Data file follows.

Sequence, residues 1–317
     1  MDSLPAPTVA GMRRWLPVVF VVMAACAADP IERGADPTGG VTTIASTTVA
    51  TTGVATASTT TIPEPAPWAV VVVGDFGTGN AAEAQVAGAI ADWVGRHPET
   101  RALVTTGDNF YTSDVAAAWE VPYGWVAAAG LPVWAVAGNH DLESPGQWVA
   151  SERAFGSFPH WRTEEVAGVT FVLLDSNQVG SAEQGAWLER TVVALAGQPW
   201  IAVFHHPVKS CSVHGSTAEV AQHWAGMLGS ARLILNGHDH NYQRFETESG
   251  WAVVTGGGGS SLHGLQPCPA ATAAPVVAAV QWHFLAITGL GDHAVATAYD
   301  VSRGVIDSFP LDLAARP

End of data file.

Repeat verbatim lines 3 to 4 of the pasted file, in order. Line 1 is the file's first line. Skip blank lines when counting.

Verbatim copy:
    51  TTGVATASTT TIPEPAPWAV VVVGDFGTGN AAEAQVAGAI ADWVGRHPET
   101  RALVTTGDNF YTSDVAAAWE VPYGWVAAAG LPVWAVAGNH DLESPGQWVA